Rick Warren says the church has 5 purposes, perhaps the primary one being to glorify God. As much as he disappoints me in many ways, he is onto something there. But purpose and mission are not the same thing. Purpose is the reason something exists, while mission is the job it has to do. I know… lots of overlap there. I believe that being faithful to our mission is perhaps the greatest way to fulfill our purpose.

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3 Comments:

Blogger Jacob Mau said...

Good thoughts, Steve. Lots of people, especially 20-somethings who've grown up attending church, are trying to figure out what's the church's purpose (I'm sure you're aware), and we find many different voices telling us different things and pointing different directions.

I agree that the purpose of the church is to make disciples. But I don't think this can be done well unless we are rooted and grounded in the love of Christ. That is, unless we are resting in the truth of his love and therefor able to show Christ-like love to those around us. We do this by extending ourselves in friendship and service, as Christ called his disciples his friends and served them and told them to follow his example.

This is important when it comes to practice, because I think a lot of times the way conventional church ministry is done actually prevents deep and meaningful friendships from forming between believers. (Yes, I am one of those people who has a lot of questions about, and maybe a little beef with, conventional church ministry...) In short, relationship is necessary for disciple making. There is no other way to do it. Teaching the Scriptures is vital, but even that can only go so far unless there are people within the body who say, “Follow me as I follow Christ,” and invite others into their lives. I know a handful of fellow Moody grads who know the Bible backwards and forwards, who've sat through hundreds of hours of lecture and teaching, but now their lives are a train wreck. The world would look at them and see nothing different from anybody else. This is, in part, because no older and more mature person ever befriended them and said, “I love you and will walk with you through the painful places in your life where the truth of Christ's redemption has not yet shown.” For discipleship to happen, this is what people need to do. It boils down to living a life of self-emptying that would seem fresh and out of place even among people who think they are doing the most radical and new expression of church.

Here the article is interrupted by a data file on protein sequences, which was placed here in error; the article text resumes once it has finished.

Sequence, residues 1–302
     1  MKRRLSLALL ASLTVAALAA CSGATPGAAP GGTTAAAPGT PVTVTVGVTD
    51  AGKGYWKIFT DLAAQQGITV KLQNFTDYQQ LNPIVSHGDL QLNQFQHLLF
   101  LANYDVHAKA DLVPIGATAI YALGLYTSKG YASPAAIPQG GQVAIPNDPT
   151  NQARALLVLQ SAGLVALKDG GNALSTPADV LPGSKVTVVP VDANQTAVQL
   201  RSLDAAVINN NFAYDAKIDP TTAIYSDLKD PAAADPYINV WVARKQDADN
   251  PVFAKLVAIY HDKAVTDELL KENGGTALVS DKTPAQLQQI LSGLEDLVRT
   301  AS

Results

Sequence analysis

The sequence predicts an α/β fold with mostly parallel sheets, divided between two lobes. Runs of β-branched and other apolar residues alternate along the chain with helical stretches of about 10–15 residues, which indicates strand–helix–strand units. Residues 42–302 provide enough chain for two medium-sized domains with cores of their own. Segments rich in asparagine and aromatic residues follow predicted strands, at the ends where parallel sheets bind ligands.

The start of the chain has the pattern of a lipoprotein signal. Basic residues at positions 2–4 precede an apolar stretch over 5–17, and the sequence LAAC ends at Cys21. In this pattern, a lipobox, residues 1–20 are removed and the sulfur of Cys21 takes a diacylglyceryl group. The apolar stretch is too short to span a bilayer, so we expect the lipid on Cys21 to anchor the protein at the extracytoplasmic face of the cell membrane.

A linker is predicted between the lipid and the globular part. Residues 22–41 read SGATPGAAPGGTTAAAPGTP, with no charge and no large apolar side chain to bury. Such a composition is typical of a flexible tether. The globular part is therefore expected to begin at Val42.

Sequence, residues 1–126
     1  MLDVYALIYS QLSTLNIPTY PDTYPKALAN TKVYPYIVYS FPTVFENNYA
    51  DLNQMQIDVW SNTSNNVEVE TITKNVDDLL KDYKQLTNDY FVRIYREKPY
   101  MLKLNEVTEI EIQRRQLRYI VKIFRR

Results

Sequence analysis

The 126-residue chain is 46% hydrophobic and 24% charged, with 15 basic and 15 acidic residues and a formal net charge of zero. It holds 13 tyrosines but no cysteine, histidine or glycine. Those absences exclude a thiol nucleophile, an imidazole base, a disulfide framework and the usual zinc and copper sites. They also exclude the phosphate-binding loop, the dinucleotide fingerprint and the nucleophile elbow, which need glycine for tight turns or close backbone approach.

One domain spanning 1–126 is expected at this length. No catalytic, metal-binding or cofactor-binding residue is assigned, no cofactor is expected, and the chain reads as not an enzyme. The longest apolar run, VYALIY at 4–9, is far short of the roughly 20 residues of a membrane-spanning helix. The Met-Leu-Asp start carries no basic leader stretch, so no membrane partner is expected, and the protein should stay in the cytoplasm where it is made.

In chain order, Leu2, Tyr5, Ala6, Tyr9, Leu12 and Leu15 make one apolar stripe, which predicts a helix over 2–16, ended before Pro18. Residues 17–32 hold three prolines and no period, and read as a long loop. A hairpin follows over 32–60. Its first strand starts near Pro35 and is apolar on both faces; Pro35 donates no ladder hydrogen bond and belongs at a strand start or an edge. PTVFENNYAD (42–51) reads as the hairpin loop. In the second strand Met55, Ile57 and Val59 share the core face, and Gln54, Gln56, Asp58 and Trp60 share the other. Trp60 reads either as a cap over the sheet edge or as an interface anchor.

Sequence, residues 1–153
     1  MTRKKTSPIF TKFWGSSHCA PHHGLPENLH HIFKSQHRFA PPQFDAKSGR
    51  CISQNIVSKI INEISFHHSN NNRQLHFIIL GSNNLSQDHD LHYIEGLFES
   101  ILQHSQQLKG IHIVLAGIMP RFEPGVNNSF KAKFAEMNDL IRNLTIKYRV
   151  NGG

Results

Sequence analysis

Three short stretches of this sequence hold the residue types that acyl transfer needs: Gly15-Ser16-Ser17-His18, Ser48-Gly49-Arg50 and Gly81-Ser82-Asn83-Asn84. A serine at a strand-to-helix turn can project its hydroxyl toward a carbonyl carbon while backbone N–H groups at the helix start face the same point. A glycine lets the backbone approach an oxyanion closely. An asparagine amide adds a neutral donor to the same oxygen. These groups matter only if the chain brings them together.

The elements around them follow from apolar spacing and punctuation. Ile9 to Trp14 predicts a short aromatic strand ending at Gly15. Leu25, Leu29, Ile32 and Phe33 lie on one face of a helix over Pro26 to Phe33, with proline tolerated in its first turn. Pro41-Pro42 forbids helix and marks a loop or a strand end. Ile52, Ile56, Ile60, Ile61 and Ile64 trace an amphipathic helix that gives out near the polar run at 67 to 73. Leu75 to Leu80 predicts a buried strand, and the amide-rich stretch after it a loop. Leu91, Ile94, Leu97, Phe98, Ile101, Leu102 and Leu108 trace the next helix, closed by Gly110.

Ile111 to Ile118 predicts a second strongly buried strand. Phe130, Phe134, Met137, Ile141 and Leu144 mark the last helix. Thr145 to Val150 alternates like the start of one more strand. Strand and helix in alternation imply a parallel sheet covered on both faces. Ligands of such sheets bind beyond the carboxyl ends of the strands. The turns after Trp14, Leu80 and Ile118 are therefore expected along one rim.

Hopefully this is not turning into a rant. I agree with you full force that people trying to figure out how to be the church, especially people in my generation, cannot afford to get swept up in movements or reactions. The church is not defined by what it does in relation to the culture or the world's problems but by the One who its people follow. My main hope is that believers across the church spectrum (conventional church or house church or intentional community or whatever) can get better at being and making disciples who are rooted in Christ's unwavering love.

August 3, 2010 at 8:46 PM  
Blogger Steve said...

Good word, Jacob

It would have been helpful I suppose to unpack what I meant by "making disciples", since even that word is loaded with baggage.

I do not have any patience with "discipleship programs" per se. Making disciples starts with evangelism and ends with spiritual maturity and reproduction, which requires the pouring of one life into another.

August 4, 2010 at 2:46 PM  
Blogger Steve said...

You should leave these thoughts over on my Facebook version, where the bigger conversation has been taking place.

August 4, 2010 at 2:46 PM